… and why video sitemaps are still important?
Up until July of this year, if you diligently applied all the principles of good video SEO in managing your online video, it was highly likely that Google would reward you with lots of eye catching video rich snippets. Video Rich Snippets looked like this:
But alas, some time around the middle of July (2014) – for all but the very biggest players, such as YouTube, The Guardian, Vimeo – those irresistible video rich snippets disappeared.
Well, research showed that video rich snippet images are very tempting to users and attract a higher click through rate than standard search results. For this reason, they were worth pursuing.
Why have Google done this?
A couple of possible reasons for this big reduction in video rich snippets springs to mind.
The most cynical heavy-handed possibility would be simply that Google want to drive more traffic to YouTube – to the detriment of almost all other web video. Google owns YouTube and YouTube makes money from advertising. Were video rich snippets, just too good at driving traffic to other websites?
A push on vertical search for video?
On the other hand, it could be that Google have decided to push the dedicated ‘video’ search tab? This move would make sense.
There was a time when only sophisticated users looked to the ‘Image’ search tab in Google, but now most people use this when they are clear they would like to see an image. Do Google want the ‘Video’ search tab to be used in the same way?
You could argue that rather than video rich snippets being scattered through general Web results, keeping video thumbnails under the Video tab creates a cleaner, less cluttered experience for users. Here’s a comparison of the two:
Pre – July 2014 blended search including video rich snippets
Clear cut video only vertical search
We’ve also noticed that the video tab has been more frequently visible recently. Previously, it was often buried under the ‘More’ tab.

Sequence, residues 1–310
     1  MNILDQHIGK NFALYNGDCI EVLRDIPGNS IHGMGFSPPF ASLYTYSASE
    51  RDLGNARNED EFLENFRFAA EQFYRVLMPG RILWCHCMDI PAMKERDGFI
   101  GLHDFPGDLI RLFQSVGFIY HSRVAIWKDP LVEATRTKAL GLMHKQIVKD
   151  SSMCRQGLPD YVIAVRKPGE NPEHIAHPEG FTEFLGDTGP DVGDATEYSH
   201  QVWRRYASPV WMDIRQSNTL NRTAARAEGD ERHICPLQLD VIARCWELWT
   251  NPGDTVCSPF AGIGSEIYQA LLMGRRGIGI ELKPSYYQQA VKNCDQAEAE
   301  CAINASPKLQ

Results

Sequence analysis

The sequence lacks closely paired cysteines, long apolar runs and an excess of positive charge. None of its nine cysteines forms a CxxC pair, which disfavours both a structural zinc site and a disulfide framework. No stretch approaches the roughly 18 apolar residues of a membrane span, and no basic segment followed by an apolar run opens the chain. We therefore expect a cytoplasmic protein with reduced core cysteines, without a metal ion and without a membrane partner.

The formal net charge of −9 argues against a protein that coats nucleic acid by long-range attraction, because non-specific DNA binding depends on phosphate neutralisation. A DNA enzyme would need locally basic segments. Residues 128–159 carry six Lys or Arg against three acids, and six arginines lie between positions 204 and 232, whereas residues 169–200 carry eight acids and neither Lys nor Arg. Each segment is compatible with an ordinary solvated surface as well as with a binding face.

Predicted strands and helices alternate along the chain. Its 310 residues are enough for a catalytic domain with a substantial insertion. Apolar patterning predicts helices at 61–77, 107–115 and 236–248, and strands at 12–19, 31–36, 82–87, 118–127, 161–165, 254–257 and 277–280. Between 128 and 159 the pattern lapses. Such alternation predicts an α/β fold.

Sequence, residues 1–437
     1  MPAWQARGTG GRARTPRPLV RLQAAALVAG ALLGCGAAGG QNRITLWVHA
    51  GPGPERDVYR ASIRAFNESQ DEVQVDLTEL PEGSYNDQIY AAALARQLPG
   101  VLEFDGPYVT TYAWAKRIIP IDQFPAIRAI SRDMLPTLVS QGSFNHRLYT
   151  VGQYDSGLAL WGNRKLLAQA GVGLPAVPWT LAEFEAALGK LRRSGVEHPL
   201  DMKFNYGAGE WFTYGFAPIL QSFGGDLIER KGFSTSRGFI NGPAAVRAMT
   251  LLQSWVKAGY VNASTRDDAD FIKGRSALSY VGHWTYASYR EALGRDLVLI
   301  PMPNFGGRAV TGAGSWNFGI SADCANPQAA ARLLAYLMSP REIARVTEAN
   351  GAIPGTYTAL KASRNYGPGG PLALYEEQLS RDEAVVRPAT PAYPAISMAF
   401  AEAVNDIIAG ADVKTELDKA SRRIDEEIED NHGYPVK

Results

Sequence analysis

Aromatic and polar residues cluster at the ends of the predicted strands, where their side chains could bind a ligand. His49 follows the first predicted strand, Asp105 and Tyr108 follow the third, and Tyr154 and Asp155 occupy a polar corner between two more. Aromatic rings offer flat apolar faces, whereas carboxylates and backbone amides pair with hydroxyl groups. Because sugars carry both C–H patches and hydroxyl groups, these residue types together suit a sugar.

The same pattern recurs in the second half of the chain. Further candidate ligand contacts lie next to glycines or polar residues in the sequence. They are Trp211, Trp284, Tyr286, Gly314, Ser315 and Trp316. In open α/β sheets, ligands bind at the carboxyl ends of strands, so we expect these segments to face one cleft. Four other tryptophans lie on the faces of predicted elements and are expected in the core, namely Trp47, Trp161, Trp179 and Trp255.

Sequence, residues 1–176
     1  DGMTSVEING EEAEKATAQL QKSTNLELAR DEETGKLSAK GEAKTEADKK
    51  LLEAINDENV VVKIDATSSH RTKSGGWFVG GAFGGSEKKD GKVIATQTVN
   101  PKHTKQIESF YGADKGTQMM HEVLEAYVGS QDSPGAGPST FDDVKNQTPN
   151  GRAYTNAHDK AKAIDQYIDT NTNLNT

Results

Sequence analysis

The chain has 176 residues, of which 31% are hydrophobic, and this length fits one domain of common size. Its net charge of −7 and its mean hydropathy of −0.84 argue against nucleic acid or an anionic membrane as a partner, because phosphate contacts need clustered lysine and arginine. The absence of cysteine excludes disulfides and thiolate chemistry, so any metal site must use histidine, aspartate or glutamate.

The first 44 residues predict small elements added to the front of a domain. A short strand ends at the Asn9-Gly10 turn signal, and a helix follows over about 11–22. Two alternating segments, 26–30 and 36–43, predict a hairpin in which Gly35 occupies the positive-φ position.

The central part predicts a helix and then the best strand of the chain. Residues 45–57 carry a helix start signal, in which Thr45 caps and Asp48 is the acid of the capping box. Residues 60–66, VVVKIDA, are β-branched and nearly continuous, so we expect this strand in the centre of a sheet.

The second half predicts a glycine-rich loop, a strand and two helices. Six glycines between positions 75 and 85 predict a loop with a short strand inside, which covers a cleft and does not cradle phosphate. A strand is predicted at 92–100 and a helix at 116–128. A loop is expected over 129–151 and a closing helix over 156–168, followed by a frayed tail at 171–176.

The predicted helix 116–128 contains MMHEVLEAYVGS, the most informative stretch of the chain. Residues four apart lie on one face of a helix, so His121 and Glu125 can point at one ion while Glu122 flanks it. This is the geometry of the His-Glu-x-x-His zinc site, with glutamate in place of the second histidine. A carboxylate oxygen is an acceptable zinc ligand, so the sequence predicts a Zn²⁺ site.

Previously, video search was buried more often under the More tab
This increase in the appearance of the video tab is particularly evident where the search topic lends itself well to illustration through the moving image. For example the terms, gymnastics, restaurant, sailing and washing machine reliably trigger the video menu. On the other hand, we found that terms like accountant, insurance and tax don’t!
Another pattern we’ve noticed is that city searches tend to get you a video tab, while town searches don’t. I guess not a lot happens in most towns and a still image will do.
Will Video Rich Snippets Return?
At this stage there is no way of knowing, whether Google has drastically reduced the occurrence of video rich snippets for good, or whether this is just one of the many temporary experiments, that Google throws up from time to time. Their Google Webmaster Tools Video Channel has been noticeably silent on the topic so far.
So should I still bother with video sitemaps?
Yes – definitely. Don’t stop submitting your video sitemaps and doing all your video SEO routines. There are several reasons why this is still important.
- Without video SEO and video sitemap entries for your website your video is unlikely to be indexed by Google and therefore won’t appear in Google’s specialist video tab search results.
- Good video SEO, including sitemaps, provides lots of useful information to Google which will help them index your video web page more efficiently. This means higher search engine rankings in web search results for your video webpage, irrespective of the loss of the actual video image thumbnails that video rich snippets carried.
- We can’t know for sure where Google is heading with their thinking on video, but wherever that may be it won’t be much good if you’re a late embracer of the next big move in video search. So keep on top of your video SEO, because unless your videos are properly indexed you won’t even be in the game.
You can learn more about video SEO tactics at the next Blue Sky video marketing seminar. See sidebar for details.